The Wedding You “Should” Have

Today I was watching a Sex and the City marathon and the episode was on where Miranda was on her honeymoon and hated it. Carrie wrote an articles/story about it, about how we live our lives based on what we think we “should” want or what we “should” do.

Miranda didn’t want to be on her honeymoon and have sex 3x a day, but it’s what she thought she “should” do and what is socially acceptable.

It made me think back to my wedding and vow renewal, and I think it’s something that a lot of military spouses experience. The idea that they “should” have a big fancy wedding, but the reality that the military makes that nearly impossible.

My husband and I did what many military couples do, went to the courthouse and had a quick civil ceremony and planned a big wedding for a few years later. A big wedding that we thought we “should” have, and one that our family and society expected us to have.

So I spent 2 1/2 years planning a big wedding, the dress, the flowers, the food, the venue, the invitations, all of it.

And the big day finally came, and it “should” have been wonderful, I “should” have felt like a queen. But in reality it felt like a big stressful expensive party where I was wearing a big white dress.


Now don’t get me wrong, it was fun. But it didn’t feel nearly as special and romantic as the day I said my vows to Jeremy in a horribly lit dingy courthouse.


There is a society standard that in order to have a special wedding day you “should” say your vows in an expensive white dress holding a beautiful bouquet in a church, followed by an expensive reception with dancing, an open bar, appetizers and a seated dinner on beautiful table clothes with show stopping centerpieces.

But after having both a courthouse wedding and a big wedding, I’ve discovered that what makes your wedding day special is that you get married. It’s the exchanging of vows, looking into your partners eyes as you say “I do” and exchanging a commitment to share the rest of your lives together.

Now, I am by no means putting down women who have had big weddings. However, I do think that it’s necessary to realize that you don’t have to have the wedding that society tells you that you “should” have, if you don’t want to. And this is especially true for military fiancees who find themselves with limited time to plan a big bash around the military schedule.

It doesn’t have to be just a courthouse or a huge wedding. It can be a private elopement on the beach or a backyard wedding with your immediate family and friends. Your wedding can be whatever you want it to be, not what you think it “should” be.

9 thoughts on “The Wedding You “Should” Have

  1. I totally agree! I didn’t listen to anyone who told us to just go to the courthouse, determined to not let the military change the wedding I could have. In the end, I planned our wedding in 4 of the worst, most stressful months of my life. If we could do it again, it would be about us instead of the party, and we would have eloped, saved a ton of money, and been able to enjoy the most important part: our vows.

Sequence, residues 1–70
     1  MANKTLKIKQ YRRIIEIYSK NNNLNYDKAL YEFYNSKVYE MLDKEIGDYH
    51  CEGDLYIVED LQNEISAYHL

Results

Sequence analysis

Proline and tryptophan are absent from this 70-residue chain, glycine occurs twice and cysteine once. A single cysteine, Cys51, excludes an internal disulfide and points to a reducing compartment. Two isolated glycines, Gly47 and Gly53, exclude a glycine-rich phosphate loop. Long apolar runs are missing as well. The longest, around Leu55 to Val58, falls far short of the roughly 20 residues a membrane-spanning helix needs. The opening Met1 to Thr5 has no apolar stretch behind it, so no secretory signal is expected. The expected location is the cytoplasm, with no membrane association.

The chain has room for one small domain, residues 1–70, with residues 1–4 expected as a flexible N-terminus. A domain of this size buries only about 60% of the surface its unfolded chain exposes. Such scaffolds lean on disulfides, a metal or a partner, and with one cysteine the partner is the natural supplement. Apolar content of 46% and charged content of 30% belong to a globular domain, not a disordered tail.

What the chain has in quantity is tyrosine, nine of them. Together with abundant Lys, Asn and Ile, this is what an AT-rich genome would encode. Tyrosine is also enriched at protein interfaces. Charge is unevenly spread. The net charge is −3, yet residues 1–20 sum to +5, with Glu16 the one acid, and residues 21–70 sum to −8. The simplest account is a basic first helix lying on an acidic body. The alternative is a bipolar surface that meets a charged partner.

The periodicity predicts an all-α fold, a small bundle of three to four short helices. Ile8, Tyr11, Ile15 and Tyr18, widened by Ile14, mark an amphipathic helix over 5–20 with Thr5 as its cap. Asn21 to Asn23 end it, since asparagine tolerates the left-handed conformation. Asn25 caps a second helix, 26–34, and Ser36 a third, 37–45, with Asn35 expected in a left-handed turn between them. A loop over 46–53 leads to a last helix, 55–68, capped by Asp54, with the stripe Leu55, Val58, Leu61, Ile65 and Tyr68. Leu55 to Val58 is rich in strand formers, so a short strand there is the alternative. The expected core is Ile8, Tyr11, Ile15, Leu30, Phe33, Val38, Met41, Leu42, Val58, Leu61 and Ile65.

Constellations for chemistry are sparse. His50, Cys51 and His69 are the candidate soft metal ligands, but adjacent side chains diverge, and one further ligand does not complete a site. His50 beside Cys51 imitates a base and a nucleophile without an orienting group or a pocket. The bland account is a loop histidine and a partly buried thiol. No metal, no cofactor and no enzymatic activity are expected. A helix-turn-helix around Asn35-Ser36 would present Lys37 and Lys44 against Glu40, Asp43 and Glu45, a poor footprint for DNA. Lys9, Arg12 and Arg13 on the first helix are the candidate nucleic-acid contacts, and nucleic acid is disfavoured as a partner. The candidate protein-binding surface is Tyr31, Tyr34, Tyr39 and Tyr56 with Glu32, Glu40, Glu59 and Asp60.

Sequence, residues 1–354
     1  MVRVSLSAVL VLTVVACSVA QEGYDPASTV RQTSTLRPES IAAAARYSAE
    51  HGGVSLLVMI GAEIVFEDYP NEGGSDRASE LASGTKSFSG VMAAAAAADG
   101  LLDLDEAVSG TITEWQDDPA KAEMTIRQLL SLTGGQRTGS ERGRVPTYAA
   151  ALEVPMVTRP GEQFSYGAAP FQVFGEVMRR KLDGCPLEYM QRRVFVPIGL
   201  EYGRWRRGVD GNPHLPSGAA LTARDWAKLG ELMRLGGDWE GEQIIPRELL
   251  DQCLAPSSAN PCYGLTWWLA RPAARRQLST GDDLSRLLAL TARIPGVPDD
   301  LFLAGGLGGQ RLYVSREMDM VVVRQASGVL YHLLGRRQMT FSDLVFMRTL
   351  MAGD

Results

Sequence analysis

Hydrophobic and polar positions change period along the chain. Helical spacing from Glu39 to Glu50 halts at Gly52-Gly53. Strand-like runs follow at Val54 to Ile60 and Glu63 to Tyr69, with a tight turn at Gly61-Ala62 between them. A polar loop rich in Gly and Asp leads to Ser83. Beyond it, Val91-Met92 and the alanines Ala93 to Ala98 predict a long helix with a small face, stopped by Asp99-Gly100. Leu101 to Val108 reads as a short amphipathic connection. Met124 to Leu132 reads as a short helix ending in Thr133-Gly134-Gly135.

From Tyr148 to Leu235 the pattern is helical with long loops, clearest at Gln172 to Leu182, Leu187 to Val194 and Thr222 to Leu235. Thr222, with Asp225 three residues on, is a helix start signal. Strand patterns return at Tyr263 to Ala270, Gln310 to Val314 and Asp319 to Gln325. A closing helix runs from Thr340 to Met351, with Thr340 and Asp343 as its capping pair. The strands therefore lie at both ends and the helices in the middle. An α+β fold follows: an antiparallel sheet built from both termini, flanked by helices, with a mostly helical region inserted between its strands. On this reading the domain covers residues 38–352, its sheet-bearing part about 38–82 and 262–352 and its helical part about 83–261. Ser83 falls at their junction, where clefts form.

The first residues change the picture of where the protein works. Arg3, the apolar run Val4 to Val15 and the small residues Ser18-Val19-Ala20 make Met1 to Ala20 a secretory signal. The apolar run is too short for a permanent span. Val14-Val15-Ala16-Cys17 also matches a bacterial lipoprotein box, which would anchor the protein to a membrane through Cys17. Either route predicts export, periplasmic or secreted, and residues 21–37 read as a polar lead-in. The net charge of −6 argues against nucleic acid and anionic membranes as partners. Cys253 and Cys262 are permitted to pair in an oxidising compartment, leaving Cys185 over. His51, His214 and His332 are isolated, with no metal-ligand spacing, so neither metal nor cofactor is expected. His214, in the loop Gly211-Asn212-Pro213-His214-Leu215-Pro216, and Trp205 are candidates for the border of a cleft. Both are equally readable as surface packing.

2. Oh my gosh, I completely agree. We had a tiny wedding the first time, with 10 guests and a justice of the peace. It was romantic and perfect. We had the BIG PARTY a month ago and, while we had a really fun night full of our best friends and families, we got it right the first time. We didn’t need the 2nd party, but we had the 2nd party because we felt like we had to have that big open bar/party til we drop thing for every one else. I poured myself into making it “ours” with personal touches but, in the end, he and I could have done without the reception πŸ™‚

  3. I couldn’t agree more! We had both, and while my big wedding was amazing and not very stressful at all, I would still have been fine if we had just done the courthouse. I loved that the day was just about us–I also loved telling customers at work I was getting married that day & seeing the shock on their faces!!

  4. We did the military elopement thanks to short notice overseas orders. We originally wanted to do a ceremony on our one year anniversary…and then my sister got engaged. So then we aimed for our two year anniversary…and his brother got engaged. We’ve since decided that anything that will happen will be once we live in the US again, which is good since his other brother just got engaged. While I don’t need the ceremony to feel actually married, I would like to be able to do a vow renewal and party with friends and family.

  5. I was determined to have our “wedding” be when we got married. Not just a party. I DESPERATELY wanted the big princess wedding, but eventually I had to resign myself to something much smaller. I still made sure, however, that there were details in it and not “just” a courthouse wedding. I knew that our wedding would BE our wedding. I’d still loosely anticipated that we’d do the big shebang later, but I’ve decided against it. Our “small” wedding (about 20 people) was good enough for me. It wasn’t the exact thing that I wanted, but in the end it was the exact husband I wanted, so it really didn’t matter. I still get kind of jealous of big weddings, and I probably always will, but I know that I loved my wedding. We’re just going to take vacations instead of the vow renewal haha.

  6. Loved your post. I’m currently engaged to an air force man and we plan on getting married at the courthouse within the month, with plans for a bigger wedding in a few years. At first i was a little sad about it but the more i think about it, it will be special no matter where we are or how big it is, or who is all there. I know we will cherish the day, even if we are in a courthouse. Thanks for sharing! πŸ™‚

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